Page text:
Wednesday, September 14, 2011
Polydactyl cats are not a specific breed, but they do have a unique characteristic that is immediately noticeable – extra toes! These extra toes make their paws look gigantic, rather like they are wearing mittens, hence the nicknames “mitten cat” and “mitten foot cat.” Another nickname is “thumb cats,” because some polydactyl cats have separated toe clusters which make them appear to have a thumb on their paw. The term polydactyl is of Greek origin and comes from poly- (many) + daktylos (fingers or toes).
Most domestic cats have 18 toes: five on both front paws and four on each hind paw. Polydactyl cats, however, are born with extra toes as a result of a genetic mutation. Polydactyls typically have one or two extra toes on their front paws. Although a polydactyl cat can have up to seven extra toes on either the front or hind paws, it’s more common for the extra toes to be on the front paws only. It’s rare for a polydactyl cat to have extra toes on their hind paws only, and rarer still to have extra toes on all four paws.
The Polydactyl Gene
The extra toes on a polydactyl cat are the result of a mutant gene (Pd) that is dominant. This means that if one cat parent has extra toes, there’s a high probability that some of the offspring will be polydactyl too. If both parents have extra toes, this further increases the likelihood that they’ll produce polydactyl kittens.
The polydactyl anomaly is found in many other animals besides cats, including humans, dogs, chickens, horses, mice and guinea pigs. Domestic cats of all breeds and colors can have extra toes, though polydactyly is most common in Maine Coon cats. Presently, the standards for all CFA recognized breeds disqualify a pedigreed cat with extra toes, and responsible breeders won’t breed a cat known to carry the Pd gene.
Other Nicknames for Polydactyl Cats
Extra toed cats have many nicknames besides the three I mentioned above, and “Hemingway Cats” is by far the most popular. Noted American author Ernest Hemingway acquired a white polydactyl cat named Snowball from a ship’s captain, and became quite fond of it. After his death in 1961, Hemingway's estate in Key West, Florida became a museum and a home for his cats, some of which are descendants of the original polydactyl cat. There is currently a colony of 40-50 cats living on the museum grounds, and about half of them are polydactyl. Although I wasn’t able to discover who coined the term “Hemingway Cats” in reference to polydactyls, it’s thought to have originated because the cats of the Hemingway Museum have become so popular and well known.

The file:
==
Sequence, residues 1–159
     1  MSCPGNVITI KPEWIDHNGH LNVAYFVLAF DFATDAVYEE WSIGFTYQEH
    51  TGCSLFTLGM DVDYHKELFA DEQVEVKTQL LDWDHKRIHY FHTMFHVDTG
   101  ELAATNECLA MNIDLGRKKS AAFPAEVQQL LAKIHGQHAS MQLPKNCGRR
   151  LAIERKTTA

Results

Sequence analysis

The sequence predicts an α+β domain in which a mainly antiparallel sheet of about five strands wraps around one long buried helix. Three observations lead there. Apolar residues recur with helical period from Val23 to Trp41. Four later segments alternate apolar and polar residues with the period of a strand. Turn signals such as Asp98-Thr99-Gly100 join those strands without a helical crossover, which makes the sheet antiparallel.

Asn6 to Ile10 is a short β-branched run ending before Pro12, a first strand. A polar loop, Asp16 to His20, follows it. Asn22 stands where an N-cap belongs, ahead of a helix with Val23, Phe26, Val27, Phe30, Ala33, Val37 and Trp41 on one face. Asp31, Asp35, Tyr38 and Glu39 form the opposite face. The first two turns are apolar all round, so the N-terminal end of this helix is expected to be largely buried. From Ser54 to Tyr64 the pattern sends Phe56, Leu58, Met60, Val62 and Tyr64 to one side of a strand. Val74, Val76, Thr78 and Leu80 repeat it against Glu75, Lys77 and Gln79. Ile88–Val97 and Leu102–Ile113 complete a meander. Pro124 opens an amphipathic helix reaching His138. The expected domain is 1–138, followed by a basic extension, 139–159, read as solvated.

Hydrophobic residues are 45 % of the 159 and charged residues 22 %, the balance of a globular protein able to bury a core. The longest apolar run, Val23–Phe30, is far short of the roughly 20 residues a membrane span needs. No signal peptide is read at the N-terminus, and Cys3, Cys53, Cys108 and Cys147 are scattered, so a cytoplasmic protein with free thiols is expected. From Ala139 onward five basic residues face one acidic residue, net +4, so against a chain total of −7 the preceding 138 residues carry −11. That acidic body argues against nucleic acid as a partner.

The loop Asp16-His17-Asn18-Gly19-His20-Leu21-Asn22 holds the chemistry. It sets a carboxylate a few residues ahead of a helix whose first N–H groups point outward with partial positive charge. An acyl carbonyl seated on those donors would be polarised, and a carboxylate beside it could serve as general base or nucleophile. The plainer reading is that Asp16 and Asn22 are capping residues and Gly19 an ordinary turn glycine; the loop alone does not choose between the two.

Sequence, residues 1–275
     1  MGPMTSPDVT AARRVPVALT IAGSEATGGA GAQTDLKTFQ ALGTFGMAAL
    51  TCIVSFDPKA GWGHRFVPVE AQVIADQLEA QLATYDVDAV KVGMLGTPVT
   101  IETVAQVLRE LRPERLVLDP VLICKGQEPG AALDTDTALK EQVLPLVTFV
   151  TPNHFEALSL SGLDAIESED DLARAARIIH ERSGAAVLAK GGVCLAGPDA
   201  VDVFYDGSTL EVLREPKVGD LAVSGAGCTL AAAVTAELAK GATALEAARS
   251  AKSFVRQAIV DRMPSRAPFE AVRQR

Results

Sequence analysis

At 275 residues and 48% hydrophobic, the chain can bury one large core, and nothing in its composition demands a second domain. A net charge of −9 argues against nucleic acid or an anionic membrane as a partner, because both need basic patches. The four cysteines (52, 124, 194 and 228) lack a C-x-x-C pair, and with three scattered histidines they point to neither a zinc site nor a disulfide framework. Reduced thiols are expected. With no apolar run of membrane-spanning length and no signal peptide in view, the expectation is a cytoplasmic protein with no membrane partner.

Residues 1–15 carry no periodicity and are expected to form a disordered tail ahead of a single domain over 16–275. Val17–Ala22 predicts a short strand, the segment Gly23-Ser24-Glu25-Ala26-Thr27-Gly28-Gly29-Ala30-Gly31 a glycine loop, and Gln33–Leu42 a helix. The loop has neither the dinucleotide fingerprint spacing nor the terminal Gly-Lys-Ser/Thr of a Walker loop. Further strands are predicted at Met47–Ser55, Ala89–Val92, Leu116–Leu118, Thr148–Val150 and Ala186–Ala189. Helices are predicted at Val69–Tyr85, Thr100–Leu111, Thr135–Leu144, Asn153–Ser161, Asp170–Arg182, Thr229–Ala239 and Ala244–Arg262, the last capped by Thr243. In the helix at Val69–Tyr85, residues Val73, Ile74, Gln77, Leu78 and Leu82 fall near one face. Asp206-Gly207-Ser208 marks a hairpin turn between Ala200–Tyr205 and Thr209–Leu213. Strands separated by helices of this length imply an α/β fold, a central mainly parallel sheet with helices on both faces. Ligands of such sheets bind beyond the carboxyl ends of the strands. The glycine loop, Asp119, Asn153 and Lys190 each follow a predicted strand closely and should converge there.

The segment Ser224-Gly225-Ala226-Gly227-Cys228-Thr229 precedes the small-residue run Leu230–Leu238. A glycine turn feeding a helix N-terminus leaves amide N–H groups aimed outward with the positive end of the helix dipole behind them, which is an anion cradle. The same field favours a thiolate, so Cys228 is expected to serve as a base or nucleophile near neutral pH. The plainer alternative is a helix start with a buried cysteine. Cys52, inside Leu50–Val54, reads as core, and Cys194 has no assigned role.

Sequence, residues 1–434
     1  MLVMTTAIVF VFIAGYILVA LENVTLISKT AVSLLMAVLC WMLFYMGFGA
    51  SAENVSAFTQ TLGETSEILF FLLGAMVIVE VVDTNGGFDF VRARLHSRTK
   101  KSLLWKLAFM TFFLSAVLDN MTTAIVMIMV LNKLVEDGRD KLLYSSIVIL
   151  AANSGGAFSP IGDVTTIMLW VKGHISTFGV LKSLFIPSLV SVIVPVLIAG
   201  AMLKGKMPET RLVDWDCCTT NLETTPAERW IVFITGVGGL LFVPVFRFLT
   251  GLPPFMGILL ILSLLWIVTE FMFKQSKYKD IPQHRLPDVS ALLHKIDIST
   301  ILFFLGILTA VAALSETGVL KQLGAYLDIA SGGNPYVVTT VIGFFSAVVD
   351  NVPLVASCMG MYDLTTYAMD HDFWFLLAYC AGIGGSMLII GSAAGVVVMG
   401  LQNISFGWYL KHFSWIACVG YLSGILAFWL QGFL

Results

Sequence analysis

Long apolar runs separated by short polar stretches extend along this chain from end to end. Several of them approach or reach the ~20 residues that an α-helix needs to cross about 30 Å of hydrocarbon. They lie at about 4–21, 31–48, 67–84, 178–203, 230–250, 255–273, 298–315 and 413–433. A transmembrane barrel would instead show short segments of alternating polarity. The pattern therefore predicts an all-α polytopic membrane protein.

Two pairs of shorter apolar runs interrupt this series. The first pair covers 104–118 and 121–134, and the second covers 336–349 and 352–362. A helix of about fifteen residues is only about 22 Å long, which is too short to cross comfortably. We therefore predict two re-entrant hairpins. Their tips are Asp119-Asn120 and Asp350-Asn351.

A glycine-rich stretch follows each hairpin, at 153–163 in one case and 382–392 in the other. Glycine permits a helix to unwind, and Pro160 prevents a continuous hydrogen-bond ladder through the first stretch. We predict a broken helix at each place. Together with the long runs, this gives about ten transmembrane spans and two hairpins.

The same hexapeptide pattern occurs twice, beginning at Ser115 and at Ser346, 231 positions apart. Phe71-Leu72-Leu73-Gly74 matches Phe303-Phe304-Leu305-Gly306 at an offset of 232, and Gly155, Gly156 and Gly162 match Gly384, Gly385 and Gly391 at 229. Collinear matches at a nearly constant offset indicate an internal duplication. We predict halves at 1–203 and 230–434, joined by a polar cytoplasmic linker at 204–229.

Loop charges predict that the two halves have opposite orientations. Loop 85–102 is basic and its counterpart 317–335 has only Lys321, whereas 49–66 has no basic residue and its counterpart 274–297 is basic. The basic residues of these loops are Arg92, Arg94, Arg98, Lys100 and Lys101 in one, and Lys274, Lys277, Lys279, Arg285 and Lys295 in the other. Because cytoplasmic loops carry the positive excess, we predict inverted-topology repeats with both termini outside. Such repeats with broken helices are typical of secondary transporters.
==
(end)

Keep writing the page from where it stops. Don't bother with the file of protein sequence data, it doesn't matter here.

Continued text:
Polydactyl cats are also sometimes called mitten-toed cats, boxing cats, six-finger cats and double-pawed cats. A lesser known nickname is Cardi-cats, from the Cardigan district in southwestern England where a significant population of extra-toed cats lives Some polydactyl cats have an extra digit on the side of their paw, rather like human opposable thumbs, which enables them to use their paws to pick things up and even open cabinets. (Okay, that is impressive – but my cat Rocky doesn’t have any extra toes, and he opens my cabinets every day!).
Caring for a Polydactyl Cat
Some polydactyl cat’s claws are in awkward positions, which prevent them from being filed down naturally through the act of scratching. This can cause them to snag their claws on your carpet and/or the furniture, resulting in damage to not only their paw but your couch as well. Untrimmed nails can also grow around and into the cat’s paw pad, causing discomfort and possibly an infection. All polydactyl cats should have their claw’s trimmed regularly and inspected for ingrown claws, ripped toes, infections and growth problems related to the extra toes. Other than that, polydactyl cats don’t need any special care, and their extra toes typically don’t present a problem or handicap.
I’ve never had a polydactyl cat myself, but I certainly wouldn’t mind. I think the extra toes are kind of cute, and besides, it makes these special kittens with mittens stand out from the crowd!
Photo by Emilie Hardman
Read more articles by Julia Williams